However, companies may hire unqualified drivers for several reasons. First, they may simply not check an applicant for a valid CDL and relevant endorsements.
Second, they may have a policy of hiring family and friends of people already in the company. These personal relationships may matter more than the existence of a CDL. They may feel that an informal training system with a personal network is equally good.
Third, some companies may not feel there any enough qualified drivers to go around. There is a severe shortage of qualified truck drivers in the U.S. currently. Industry observers estimate that roughly 900,000 qualified drivers are needed going forward to fill existing demand. The industry is aging—the average truck driver is 55 years old—and the shortage may become more pronounced in the future, as these folks retire.
Companies who have tried to find qualified drivers and find they can’t due to the shortage may be tempted to hire unqualified drivers as a result.
Who Is Responsible if I’m in an Accident Caused by an Unqualified Truck Driver?
If you or a loved one were in an accident caused by an unqualified driver in Pennsylvania, you may be able to bring a legal suit against the responsible parties.
The truck driver may be responsible for errors or omissions caused by lack of training. But other parties may be responsible as well.
The truck company or owner may be responsible for several factors related to the accident. First, trucking companies must have hiring policies ensuring that holders of CDLs are hired. They should also ensure routine testing for alcohol and substance abuse, health records, and, of course, the truck driver’s record as a driver. Truck companies are responsible for hiring qualified drivers, period.
Second, trucking companies must adequately supervise their drivers. Part of supervision includes making sure that CDLs and relevant endorsements are carried by the drivers. But ensuring that the drivers are performing the required inspections is also part of supervisory responsibilities. In addition, if a driver does bring any concern triggered by the inspection to management, they need to act on it responsibly.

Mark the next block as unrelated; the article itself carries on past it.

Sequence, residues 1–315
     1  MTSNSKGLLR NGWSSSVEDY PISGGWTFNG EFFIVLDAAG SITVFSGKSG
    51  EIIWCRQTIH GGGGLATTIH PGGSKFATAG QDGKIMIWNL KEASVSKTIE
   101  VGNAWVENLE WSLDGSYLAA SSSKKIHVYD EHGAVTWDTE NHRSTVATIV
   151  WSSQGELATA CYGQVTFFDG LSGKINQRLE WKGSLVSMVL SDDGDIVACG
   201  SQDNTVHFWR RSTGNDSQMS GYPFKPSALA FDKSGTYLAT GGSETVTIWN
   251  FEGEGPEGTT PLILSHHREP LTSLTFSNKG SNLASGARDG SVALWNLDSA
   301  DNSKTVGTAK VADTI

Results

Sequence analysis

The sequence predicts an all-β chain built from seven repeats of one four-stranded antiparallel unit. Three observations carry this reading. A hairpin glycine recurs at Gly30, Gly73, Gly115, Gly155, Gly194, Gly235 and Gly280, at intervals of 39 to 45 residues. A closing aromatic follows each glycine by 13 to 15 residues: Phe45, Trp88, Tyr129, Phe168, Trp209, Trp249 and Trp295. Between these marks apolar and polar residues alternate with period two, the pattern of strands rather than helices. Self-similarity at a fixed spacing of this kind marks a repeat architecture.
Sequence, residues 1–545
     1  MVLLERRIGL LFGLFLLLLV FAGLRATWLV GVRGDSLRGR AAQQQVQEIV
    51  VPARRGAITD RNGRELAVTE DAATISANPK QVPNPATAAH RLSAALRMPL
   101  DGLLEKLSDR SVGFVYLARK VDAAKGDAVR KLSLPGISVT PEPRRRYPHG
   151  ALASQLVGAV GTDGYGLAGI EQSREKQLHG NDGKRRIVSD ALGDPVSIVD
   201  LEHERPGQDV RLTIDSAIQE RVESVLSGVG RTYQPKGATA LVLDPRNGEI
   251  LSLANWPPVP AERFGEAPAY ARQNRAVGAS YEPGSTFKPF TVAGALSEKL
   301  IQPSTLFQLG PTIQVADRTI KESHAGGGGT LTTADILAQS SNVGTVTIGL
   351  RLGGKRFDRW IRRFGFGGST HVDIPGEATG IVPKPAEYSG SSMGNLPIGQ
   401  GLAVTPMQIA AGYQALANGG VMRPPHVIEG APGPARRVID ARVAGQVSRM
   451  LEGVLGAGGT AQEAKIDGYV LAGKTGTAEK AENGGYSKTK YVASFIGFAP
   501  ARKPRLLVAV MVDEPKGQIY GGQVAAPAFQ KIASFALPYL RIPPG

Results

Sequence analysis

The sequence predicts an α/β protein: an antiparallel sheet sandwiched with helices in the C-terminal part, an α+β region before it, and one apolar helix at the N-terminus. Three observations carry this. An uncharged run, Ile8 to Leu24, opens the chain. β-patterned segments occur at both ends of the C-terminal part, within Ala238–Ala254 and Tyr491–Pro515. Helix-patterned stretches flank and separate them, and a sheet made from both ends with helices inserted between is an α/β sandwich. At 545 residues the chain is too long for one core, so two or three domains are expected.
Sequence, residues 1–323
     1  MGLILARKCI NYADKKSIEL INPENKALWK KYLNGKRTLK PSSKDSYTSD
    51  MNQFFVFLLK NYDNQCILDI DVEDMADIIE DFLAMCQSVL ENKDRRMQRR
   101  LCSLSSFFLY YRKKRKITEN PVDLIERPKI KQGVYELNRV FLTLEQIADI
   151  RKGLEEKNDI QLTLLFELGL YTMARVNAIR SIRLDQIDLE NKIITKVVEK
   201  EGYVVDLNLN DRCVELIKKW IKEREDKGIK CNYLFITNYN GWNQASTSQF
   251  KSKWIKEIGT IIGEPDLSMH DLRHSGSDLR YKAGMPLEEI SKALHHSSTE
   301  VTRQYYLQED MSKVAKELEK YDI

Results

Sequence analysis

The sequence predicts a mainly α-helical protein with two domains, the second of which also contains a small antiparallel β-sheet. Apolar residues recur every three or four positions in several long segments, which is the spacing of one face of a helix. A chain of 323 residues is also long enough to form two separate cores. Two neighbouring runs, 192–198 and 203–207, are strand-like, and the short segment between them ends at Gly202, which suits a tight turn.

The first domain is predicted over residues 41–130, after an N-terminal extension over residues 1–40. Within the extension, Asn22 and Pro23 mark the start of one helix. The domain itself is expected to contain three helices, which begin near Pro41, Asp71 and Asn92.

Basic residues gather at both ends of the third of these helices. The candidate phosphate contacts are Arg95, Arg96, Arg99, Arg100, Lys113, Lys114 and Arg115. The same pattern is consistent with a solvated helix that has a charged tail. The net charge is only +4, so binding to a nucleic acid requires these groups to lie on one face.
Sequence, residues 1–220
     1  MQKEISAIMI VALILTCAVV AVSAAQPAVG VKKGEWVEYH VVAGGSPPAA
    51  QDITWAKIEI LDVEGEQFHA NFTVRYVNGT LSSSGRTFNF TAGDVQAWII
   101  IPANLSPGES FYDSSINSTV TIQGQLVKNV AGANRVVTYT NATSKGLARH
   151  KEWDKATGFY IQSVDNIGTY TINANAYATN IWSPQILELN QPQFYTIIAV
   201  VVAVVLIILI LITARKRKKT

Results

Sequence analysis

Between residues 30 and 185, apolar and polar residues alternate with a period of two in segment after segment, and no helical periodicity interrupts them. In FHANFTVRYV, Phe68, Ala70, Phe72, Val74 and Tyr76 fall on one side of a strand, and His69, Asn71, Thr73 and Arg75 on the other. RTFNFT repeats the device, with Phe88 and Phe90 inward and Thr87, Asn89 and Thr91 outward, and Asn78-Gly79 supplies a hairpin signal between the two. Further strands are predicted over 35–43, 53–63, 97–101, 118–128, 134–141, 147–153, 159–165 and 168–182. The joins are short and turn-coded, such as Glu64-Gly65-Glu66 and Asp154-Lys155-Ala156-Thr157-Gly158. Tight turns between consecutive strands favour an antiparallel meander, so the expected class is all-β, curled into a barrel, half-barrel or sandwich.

Third, a driver with problems in driving, whether they stem from driver error, traffic violation citations, accidents, or citations for substance abuse, need to be suspended. Management should direct them to retraining or treatment, as necessary, but drivers need to be requalified before they drive again.
Fourth, if a driver has communicated a problem with loading or balance to a company responsible for those duties, those companies also need to act on the concerns appropriately. If they did not, they can be responsible for the accident.
Responsible parties can be liable for damages sustained in a truck accident, such as medical bills and wages lost from work.
However, because truck accidents are complex, an investigation into the causes of the accident is often needed to establish responsibility. Is a driver responsible for brakes that needed to be replaced, for instance? A driver has some responsibility to notice a problem if it manifests before the truck begins its run. But the primary responsibility is more likely to be the entities responsible for regulation maintenance, inspections, and repair, which could be the trucking company or the company responsible for these functions. It could also be the responsibility of manufacturers of defective or malfunctioning parts or components.
Insurance payments from responsible parties can also be complex. If several different entities could be responsible, they may carry different insurance, with different carriers, different terms, and so on.
A personal injury suit in civil court is an option as well. Injured people can seek damage compensation for medical bills, lost wages from work, and more.
Consult an experienced truck accident attorney for more information and help in obtaining justice for the harm done to you in an accident where the driver was unqualified.